It is an important job, I really think it’s an important job, but it has no influence on my job but when it was like this in the past, that the managers did all these kind of talks with agents and players, my day is pretty full and I don’t know when they did it. Maybe I am not skilled for that. I am not the only one who thinks it is not right to do that, but for us it works out how we do it now.
On whether there’s such a thing as a ‘good defeat’ in order to refresh and go again…
Each defeat is good after you came over it. It needed a little bit of time for different reasons, but yes, a defeat is important information. In the moment when you lose, there is no good defeat, there is no good moment for a defeat, but after that we’ve had time, we could watch a lot of football in between that game and our game, unfortunately not with us being involved, just players of ours. You always want to see and you always have to show a reaction on different things. I spoke after the game about the first goal we conceded, which I thought was a foul. It is a foul, by the way, but because you feel really hard the defeat, you don’t think it’s fair and all these kind of things. In an analysis [meeting] it looks completely different.
The goal I hated most was the counter-attacking goal because we had to defend that much better. The other two goals were set-pieces and the second set-piece was incredibly well taken and really well executed. The first goal, a foul, the second goal we have to defend it better and that’s what you have to learn from it, that this bit of aggression we have to show more. There are things we can do better. Scoring there against a team in form twice and being very dominant. I’m not sure how often you saw West Ham, but against us they played a little bit like the old West Ham, if you want – set-pieces and counter-attacks. We were really in charge of the game, they had better moments – they always have good moments against us. We won at home against West Ham years ago, 3-2, and it was a really tight game, so you can struggle against West Ham, that’s absolutely clear, but the one goal I hated most was the goal after the counter-attack. These kind of things we have to improve.
Against Arsenal, they do counter-attacks as well, definitely – especially if you let them. But if you play a team who is going for counter-attacks and set-pieces, you have to avoid set-pieces obviously in the first place if possible and then to defend set-pieces better, but for that you need sometimes the help of the referee, with eyes, and sometimes not, and then sometimes you have to do better. The rest we have to improve – that’s what we knew before and we saw it is in this game again.
On whether there is a pattern in the goals Liverpool have conceded this season…
There is a bit of a pattern, but they were still all different. We lost challenges in very decisive areas; for example, in Atletico we lost the challenges twice, especially the Griezmann goal with Joao Felix in the half-right space. It is like another team will have a look before a game, but they learn in the game what we do – where is the weakness, where can we pass the ball? With Joao Felix, we knew he would drop into this half-right space and you have to win the challenge there. In the end, you have to see how it is when the pass is played and then it’s really tricky from that moment on. We still made mistakes after that, but the decisive thing in this moment was the challenge because we outnumbered them in that area – I think we were with two or three players but he still came out. That’s the problem with pressing, you invest a lot to outnumber the player on the ball but then you should win the ball because otherwise you are in a worse position than you would be if you man-marked, for example, in the decisive area.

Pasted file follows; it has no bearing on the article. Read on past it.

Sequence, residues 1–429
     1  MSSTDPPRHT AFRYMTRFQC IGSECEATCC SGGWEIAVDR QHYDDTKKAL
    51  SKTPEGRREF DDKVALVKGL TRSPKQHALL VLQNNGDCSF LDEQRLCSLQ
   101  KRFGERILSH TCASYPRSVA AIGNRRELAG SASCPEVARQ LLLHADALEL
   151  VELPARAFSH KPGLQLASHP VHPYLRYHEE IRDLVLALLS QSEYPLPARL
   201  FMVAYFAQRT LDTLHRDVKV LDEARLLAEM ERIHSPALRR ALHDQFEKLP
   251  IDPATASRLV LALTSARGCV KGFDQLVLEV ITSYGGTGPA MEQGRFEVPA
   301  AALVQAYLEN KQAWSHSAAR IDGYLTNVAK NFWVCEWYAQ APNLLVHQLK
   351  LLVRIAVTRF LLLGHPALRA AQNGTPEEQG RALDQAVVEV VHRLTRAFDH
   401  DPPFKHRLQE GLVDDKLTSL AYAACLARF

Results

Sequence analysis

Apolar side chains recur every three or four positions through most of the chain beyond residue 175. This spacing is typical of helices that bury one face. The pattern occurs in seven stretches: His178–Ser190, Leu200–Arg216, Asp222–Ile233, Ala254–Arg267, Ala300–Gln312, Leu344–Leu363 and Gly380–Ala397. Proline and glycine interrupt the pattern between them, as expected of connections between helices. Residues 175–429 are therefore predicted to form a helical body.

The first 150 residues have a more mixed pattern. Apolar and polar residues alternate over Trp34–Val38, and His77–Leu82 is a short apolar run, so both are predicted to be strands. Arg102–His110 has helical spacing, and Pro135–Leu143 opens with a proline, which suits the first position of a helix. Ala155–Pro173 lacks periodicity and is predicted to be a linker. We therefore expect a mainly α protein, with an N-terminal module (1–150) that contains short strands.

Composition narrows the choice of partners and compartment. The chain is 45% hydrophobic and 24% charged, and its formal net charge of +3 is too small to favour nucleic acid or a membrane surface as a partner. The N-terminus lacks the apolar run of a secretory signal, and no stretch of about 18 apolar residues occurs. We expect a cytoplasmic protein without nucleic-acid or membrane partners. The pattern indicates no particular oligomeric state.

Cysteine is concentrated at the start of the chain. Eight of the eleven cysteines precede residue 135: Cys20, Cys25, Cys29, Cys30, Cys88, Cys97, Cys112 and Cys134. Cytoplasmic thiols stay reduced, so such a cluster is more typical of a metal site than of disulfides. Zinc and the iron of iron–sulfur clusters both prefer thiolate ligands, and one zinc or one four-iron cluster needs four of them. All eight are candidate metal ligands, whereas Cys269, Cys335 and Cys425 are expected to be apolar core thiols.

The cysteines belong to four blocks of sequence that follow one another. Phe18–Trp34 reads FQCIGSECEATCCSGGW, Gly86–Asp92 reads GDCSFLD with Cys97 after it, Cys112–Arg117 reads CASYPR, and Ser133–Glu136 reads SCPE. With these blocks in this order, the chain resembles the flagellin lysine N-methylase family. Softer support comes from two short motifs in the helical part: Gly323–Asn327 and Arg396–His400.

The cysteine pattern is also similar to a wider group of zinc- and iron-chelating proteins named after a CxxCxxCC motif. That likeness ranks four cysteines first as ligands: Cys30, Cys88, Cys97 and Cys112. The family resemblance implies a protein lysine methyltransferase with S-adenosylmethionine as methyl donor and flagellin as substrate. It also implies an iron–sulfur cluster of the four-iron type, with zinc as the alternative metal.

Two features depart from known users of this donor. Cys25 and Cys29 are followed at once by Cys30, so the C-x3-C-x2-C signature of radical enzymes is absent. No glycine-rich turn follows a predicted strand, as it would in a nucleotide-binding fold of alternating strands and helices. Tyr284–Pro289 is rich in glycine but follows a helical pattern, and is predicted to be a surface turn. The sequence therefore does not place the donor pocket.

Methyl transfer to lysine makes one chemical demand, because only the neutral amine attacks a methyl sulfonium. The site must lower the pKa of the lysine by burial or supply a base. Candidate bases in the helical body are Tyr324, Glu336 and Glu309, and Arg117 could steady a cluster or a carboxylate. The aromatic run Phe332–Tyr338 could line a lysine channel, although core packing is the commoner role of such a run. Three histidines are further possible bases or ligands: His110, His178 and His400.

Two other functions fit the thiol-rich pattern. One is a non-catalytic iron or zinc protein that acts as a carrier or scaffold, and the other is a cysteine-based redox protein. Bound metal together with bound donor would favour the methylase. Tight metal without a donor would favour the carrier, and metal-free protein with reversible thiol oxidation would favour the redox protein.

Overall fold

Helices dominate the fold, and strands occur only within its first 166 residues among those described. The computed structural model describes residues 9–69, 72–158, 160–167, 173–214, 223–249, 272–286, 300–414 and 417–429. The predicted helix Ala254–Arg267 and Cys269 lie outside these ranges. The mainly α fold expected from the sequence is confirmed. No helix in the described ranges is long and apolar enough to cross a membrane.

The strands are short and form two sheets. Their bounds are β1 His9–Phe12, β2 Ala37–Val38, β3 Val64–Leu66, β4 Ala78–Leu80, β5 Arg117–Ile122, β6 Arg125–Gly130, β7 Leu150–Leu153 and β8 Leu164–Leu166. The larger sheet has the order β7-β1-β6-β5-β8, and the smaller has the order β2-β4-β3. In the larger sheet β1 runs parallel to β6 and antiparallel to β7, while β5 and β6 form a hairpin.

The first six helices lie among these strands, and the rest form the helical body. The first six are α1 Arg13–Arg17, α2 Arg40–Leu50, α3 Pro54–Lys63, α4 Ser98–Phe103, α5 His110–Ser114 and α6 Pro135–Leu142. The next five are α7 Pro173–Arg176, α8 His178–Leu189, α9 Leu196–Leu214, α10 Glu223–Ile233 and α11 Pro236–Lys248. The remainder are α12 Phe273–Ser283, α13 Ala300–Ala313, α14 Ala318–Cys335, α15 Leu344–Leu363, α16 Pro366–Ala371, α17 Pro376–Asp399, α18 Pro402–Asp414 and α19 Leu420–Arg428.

[The] Trossard [goal] was a bad one as well, again a decisive challenge in and around the box, we could have defended better, we all know that. There are patterns, but they are all different and we have to improve in that area. We knew that all the time because we scored an awful lot of goals but we conceded too many as well and so that’s why we have to improve. You only get consistency through defending and we have to defend on our very highest level. Tomorrow is a very good example for that – you don’t defend against Arsenal on your highest level then you shouldn’t even try to go there, it makes no sense because they are too good for that. They have clear patterns, they have clear things they do, they have the players they want in the position they want them to be in. It’s a big challenge, but on top of that still the best way to defend is to keep the ball and that’s what we have to do as well.
So many things, completely independent to the West Ham result. Even with the 25-game unbeaten run, we always knew we had to work on that. That’s what we actually do but we are constantly interrupted by either injuries or international breaks, that’s a little bit the problem. We play games, games, games, we could have time, but they are all away and then come back. Unfortunately in football, to work on solutions you need time, but you don’t have time, that’s the tricky thing. We still are on that subject, you can imagine.